New research is revealing the extent to which the human gut really is a “second brain”, with its own autonomous nervous processes.
The research will add further weight to what we already know about the incredible complexity and important of the human digestive system.
The human gut: a “second brain”?
The new research was carried out at Michigan State University.
“Most people don’t even know that they have this in their guts,” said Brian Gulbransen, a Professor in the College of Natural Science’s Department of Physiology.
The research shows that the ‘enteric nervous system’, the gut’s own system of nervous cells, is incredibly robust and independent from the central nervous system.
Indeed, the intestines could actually carry out many of their normal processes even if they were to become disconnected from the central nervous system. The number of specialized nervous cells (neurons and glia) that live in a person’s gut is close to the number found in a cat’s brain.
“It’s like this second brain in our gut,” Gulbransen said. “It’s an extensive network of neurons and glia that line our intestines.”
Neurons are the more well-known cell type, conducting electrical signals through the nervous system. Glia, by contrast, are not electrically active, and this has made it quite difficult for researchers to decipher what these cells do. One of the main theories proposed was that glial cells provide some kind of passive support for the more important work done by the neurons.
Gulbransen and his team have now shown that glial cells play a much more active role in the enteric nervous system. They revealed that glia act to influence the signals carried by neuronal circuits in a very precise manner.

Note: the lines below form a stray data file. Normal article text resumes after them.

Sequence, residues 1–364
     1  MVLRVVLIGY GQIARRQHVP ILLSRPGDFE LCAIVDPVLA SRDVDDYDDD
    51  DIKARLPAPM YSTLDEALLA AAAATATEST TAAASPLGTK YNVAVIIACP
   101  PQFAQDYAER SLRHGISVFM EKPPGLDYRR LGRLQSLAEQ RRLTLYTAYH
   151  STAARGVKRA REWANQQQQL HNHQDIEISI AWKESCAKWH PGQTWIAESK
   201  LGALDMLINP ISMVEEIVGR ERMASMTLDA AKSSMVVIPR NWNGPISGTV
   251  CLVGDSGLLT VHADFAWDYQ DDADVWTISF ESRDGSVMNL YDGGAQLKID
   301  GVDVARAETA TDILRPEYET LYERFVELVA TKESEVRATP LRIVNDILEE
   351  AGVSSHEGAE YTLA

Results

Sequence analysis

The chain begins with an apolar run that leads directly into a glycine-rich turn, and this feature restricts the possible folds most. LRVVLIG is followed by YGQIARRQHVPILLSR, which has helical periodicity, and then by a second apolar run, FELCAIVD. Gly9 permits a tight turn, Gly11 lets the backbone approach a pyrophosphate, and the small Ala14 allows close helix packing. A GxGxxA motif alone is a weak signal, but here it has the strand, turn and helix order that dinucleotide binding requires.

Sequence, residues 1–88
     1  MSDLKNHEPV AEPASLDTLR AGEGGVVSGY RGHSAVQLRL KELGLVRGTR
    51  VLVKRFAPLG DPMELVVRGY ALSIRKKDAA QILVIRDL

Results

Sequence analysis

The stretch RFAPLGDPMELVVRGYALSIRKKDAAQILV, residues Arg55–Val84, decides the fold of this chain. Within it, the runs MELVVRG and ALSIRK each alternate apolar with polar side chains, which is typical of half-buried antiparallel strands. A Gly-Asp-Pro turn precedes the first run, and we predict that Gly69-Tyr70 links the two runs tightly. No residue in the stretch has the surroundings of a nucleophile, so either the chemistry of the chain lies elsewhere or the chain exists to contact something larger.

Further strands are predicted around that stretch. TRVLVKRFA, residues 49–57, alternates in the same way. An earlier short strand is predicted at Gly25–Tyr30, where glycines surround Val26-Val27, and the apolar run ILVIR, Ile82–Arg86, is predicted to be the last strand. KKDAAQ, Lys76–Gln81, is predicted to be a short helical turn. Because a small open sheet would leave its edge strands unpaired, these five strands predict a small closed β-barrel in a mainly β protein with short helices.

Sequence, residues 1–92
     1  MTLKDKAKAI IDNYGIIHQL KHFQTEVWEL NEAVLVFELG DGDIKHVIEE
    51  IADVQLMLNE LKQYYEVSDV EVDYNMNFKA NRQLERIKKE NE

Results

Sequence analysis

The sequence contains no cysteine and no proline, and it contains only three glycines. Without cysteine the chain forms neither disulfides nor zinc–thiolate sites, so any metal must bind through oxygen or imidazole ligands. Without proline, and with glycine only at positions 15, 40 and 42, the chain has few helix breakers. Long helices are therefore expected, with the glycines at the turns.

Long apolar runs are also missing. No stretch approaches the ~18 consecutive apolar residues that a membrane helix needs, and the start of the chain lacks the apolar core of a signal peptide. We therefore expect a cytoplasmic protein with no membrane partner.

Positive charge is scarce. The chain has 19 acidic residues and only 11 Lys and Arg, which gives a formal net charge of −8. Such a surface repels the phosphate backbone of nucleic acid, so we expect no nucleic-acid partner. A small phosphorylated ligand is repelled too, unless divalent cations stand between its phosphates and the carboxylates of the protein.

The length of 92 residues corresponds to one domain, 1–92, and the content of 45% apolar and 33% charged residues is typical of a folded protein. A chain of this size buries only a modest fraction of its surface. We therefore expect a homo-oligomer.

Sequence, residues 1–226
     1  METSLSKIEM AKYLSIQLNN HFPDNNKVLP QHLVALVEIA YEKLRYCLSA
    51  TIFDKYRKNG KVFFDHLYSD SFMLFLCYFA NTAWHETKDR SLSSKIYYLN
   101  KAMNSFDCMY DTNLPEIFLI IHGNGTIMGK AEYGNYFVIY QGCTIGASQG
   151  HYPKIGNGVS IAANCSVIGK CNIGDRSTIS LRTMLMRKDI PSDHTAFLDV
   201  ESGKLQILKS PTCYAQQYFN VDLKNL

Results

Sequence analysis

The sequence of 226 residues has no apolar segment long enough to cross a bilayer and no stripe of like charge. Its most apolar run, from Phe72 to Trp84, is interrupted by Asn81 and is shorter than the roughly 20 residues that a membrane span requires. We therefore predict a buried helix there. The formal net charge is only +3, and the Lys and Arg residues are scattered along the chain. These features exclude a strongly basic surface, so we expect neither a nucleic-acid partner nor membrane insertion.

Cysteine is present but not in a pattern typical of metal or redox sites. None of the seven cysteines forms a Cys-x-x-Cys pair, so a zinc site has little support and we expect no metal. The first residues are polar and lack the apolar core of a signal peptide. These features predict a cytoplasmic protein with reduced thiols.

“Thinking of this second brain as a computer, the glia are the chips working in the periphery,” Gulbransen said. “They’re an active part of the signaling network, but not like neurons. The glia are modulating or modifying the signal.”
One way to think of this role would be to think of the way effects pedals modulate the sounds produced by a guitar.
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One of the most significant findings was that the ability of the gut microbiome to break down starches was increased in people who did not lose weight. Another key finding was that genes that help bacteria grow faster, multiply, replicate and assemble cell walls were increased in people who lost more weight.
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This research reveals a more complicated picture of how the enteric nervous system works. In turn, this opens up new opportunities to treat gut disorders.
“This is a ways down the line, but now we can start to ask if there’s a way to target a specific type or set of glia and change their function in some way,” Gulbransen said. “Drug companies are already interested in this.”
Gulbransen’s team have already found that glia may be key to new ways to help treat irritable bowel syndrome (IBS). IBS is a painful condition that currently has no cure and affects 10% to 15% of Americans. Glia could also be involved in several other health conditions, including gut motility disorders, such as constipation, and a rare disorder known as chronic intestinal pseudo-obstruction.
“Right now, there’s no known cause. People develop what looks like an obstruction in the gut, only there’s no physical obstruction,” Gulbransen said. “There’s just a section of their gut that stops working.
Although the new research will take time to bear fruit, in the meantime we can at least appreciate just how complicated – and important – the human gut really is.